How Important is an Advisory Committee to your Vocational Program Success?

April
2006
John Frala,

Why do you Need to have Advisory Meetings?

First, it is the law. Title 5 55601 says, "The governing board of each community college district participating in a vocational education program shall appoint a vocational education advisory committee to develop recommendations on the program and to provide liaison between the district and potential employers."

Authority cited Sections 66700 and 70901, Education Code. Reference: Section 70901, Education Code. As noted, vocational programs are required to have an advisory committee. Many sources of funding are simply lost because Title 5 requires an advisory committee to meet grant qualifications. Furthermore, most college campuses that provide a fund through the Carl D. Perkins Vocational and Technical Education Act (Public Law 105-332, VTEA) require that minutes of an advisory committee meeting shall be provided before federal funding can be released.

Additionally, advisory committee meetings can be used to validate funding requests and specific needs of the advisory committee or college. For example, the advisory committee can be used to note technology job changes in the community, which might result in the addition of new courses to accommodate new technologies. Such recommendations from the advisory committee can provide documentation and justification for federal funding.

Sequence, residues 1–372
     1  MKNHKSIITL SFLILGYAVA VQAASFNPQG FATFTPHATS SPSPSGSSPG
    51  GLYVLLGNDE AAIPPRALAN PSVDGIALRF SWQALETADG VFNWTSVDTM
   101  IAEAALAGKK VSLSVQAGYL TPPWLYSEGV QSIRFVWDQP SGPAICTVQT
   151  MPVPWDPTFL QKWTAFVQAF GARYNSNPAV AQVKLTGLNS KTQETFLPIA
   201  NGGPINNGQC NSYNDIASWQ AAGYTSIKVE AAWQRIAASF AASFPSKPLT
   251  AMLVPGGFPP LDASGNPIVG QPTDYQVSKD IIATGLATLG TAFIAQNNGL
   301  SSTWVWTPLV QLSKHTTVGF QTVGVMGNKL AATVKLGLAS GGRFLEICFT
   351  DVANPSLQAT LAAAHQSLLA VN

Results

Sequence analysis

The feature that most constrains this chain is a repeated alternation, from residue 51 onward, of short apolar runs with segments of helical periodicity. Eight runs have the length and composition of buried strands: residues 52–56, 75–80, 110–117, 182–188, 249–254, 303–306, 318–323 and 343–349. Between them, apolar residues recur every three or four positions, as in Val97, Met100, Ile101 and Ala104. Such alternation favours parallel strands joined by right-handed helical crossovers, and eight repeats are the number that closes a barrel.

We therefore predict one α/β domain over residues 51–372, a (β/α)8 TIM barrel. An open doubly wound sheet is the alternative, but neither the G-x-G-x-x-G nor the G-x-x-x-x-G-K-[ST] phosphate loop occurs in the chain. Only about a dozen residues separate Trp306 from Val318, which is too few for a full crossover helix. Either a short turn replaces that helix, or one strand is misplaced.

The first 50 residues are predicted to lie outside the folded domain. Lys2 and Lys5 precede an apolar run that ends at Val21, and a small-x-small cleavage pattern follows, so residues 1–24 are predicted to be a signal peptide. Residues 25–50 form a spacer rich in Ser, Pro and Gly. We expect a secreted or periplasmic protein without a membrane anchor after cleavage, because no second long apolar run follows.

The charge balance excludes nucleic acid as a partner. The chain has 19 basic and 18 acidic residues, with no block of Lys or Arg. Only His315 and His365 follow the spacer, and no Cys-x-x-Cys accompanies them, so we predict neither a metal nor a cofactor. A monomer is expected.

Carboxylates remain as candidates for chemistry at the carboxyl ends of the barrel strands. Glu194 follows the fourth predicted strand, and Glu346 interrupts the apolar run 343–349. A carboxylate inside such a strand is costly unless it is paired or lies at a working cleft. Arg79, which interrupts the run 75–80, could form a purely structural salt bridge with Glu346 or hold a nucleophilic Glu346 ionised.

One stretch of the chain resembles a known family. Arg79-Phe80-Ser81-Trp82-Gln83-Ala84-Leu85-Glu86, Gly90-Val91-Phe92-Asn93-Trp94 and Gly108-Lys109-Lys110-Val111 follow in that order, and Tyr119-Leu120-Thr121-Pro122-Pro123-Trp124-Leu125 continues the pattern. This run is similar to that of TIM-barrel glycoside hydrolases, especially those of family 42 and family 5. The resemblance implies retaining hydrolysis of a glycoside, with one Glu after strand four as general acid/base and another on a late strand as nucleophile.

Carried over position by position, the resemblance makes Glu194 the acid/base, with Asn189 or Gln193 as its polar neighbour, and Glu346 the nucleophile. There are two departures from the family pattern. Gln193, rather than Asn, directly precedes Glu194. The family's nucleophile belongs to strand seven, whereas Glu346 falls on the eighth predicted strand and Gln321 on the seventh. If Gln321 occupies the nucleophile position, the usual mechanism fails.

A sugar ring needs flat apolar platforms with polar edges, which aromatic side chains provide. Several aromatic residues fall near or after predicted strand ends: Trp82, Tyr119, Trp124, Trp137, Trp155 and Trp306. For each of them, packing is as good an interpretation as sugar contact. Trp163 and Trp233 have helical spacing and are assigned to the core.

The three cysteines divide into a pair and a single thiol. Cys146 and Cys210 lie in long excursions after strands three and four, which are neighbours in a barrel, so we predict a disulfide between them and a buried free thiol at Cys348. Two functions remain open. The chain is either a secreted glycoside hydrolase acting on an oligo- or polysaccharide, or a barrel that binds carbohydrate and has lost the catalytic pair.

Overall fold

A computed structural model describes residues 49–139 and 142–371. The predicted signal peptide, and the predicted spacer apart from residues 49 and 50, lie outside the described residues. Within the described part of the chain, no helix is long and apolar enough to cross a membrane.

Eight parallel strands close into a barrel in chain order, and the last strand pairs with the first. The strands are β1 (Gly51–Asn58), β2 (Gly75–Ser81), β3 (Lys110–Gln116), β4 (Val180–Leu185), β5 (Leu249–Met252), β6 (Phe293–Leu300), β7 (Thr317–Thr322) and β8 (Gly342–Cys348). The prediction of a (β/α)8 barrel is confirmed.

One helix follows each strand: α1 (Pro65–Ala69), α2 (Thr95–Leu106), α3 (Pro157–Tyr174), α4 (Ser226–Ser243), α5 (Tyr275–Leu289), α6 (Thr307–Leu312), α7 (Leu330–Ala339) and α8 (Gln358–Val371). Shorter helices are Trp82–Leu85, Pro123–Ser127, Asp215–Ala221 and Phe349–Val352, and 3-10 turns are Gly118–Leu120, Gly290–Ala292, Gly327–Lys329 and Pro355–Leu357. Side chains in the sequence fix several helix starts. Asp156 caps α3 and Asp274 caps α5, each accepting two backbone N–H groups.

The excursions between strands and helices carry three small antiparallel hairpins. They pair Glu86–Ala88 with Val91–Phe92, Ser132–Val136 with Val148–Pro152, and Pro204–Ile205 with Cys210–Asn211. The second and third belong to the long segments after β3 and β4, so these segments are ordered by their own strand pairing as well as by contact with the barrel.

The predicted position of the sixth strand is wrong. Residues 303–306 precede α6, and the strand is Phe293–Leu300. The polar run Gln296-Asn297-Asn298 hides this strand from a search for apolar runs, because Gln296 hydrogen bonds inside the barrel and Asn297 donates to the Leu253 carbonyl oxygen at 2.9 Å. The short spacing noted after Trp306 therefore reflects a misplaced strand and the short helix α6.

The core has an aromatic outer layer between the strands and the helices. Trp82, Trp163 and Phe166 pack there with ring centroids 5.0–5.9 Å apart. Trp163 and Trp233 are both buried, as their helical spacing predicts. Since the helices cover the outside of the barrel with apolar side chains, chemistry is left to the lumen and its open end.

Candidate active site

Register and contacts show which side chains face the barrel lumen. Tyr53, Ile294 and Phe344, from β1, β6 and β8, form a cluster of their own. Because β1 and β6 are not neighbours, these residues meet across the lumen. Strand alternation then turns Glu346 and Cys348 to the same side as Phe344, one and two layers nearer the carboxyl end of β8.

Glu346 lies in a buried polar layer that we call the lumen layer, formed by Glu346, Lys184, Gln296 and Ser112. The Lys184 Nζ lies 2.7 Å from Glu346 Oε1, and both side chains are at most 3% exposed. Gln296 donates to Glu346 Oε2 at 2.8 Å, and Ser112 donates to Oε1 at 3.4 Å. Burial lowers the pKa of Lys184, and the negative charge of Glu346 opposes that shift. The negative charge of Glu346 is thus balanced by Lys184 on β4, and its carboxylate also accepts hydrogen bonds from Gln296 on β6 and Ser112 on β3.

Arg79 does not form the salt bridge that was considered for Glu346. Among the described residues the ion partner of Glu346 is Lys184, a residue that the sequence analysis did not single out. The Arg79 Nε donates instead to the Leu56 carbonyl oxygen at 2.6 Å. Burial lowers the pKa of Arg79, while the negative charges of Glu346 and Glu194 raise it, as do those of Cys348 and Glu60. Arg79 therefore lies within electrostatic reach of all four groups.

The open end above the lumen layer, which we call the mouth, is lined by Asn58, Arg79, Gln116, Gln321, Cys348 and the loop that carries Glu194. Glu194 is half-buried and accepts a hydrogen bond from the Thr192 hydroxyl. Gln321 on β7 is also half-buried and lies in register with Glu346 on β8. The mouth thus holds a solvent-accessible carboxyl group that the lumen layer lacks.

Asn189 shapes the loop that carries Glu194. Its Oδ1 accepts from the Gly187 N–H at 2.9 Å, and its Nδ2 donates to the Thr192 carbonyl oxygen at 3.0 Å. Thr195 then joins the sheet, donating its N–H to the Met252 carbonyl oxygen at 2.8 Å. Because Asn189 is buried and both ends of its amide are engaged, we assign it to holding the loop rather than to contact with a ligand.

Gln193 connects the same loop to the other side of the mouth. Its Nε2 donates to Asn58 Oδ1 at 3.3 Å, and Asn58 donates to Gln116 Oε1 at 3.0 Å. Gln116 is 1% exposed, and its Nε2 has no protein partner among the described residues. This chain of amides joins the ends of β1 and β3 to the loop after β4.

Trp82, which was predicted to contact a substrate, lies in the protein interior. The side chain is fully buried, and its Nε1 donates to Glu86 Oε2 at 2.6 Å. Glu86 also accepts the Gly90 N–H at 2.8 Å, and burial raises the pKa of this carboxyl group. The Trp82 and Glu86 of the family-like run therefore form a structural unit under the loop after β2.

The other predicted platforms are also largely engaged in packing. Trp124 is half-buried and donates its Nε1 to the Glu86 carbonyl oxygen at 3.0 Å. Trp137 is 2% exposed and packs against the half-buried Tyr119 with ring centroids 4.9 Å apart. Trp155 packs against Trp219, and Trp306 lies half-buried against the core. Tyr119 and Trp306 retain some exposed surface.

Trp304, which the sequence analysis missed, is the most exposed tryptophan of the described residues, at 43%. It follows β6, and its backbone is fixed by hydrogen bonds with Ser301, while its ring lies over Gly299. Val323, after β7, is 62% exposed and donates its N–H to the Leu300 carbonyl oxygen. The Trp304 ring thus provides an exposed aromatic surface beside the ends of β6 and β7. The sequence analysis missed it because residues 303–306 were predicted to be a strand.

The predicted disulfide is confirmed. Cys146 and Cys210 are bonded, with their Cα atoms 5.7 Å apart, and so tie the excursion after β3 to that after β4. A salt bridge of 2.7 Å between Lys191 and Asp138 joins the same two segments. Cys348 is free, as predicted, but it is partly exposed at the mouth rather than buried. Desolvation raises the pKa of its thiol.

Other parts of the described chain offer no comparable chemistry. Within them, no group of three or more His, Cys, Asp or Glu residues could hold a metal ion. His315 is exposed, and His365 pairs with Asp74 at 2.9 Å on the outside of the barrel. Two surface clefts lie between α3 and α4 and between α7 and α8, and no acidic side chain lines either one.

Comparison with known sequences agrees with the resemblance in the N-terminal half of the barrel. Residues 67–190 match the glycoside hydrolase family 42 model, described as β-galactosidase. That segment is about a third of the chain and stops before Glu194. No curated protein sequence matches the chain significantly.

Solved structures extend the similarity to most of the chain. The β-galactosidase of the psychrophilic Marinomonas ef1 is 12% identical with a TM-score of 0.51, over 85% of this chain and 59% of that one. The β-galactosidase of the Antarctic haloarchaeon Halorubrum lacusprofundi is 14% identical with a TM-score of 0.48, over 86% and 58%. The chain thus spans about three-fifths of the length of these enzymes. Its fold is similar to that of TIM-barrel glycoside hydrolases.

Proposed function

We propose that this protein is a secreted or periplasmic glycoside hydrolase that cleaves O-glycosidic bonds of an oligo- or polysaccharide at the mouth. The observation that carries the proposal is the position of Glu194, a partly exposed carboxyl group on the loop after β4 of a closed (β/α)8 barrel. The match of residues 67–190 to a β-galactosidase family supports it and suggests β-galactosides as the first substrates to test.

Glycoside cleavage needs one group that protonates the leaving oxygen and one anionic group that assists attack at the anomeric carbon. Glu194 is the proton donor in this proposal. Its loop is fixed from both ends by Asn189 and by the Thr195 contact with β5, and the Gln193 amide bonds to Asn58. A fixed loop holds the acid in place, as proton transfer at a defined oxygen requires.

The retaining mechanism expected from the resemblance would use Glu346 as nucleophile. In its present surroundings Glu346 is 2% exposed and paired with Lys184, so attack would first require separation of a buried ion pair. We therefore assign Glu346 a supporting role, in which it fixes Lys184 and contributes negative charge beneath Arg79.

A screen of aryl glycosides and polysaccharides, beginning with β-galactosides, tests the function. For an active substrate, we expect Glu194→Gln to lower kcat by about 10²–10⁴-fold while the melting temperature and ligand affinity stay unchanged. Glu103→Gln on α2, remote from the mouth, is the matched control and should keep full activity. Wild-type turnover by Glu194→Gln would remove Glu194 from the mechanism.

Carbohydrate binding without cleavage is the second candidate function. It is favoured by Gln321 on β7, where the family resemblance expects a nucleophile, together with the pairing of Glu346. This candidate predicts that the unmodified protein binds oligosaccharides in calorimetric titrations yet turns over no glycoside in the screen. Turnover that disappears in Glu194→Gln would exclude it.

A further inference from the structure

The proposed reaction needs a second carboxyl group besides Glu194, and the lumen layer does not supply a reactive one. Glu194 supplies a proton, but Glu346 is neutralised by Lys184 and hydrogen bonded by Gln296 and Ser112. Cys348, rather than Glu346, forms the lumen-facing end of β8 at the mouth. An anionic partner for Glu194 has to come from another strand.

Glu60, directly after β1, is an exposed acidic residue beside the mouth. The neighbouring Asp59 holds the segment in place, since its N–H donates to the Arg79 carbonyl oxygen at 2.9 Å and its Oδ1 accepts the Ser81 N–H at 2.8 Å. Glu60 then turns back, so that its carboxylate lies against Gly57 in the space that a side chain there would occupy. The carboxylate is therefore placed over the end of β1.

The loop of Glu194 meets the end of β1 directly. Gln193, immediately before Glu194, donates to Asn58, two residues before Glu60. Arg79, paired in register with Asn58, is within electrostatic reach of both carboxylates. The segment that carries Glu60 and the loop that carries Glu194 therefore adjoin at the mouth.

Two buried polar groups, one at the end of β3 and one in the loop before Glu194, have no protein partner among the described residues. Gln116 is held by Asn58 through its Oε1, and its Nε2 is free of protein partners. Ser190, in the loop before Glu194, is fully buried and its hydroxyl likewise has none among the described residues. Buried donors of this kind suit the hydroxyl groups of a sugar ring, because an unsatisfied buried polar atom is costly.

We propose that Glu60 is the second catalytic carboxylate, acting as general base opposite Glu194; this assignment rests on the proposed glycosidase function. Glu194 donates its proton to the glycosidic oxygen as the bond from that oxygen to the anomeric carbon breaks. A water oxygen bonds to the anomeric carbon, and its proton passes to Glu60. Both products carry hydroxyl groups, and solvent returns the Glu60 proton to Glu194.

What Makes this Group so Special?
Who makes up the advisory group? What should the group expect to accomplish? Depending on what the program director is trying to accomplish there is a general rule of thumb as to getting an advisory panel together.

  1. Get people involved who will understand your vocational program. such as:
    1. A former graduate student who is working in the local area.
    2. The department dean or chairperson.
    3. A dean or department chair from a neighboring college, with a program similar to yours.
    4. Local high school program instructor.
    5. Business trade companies representatives.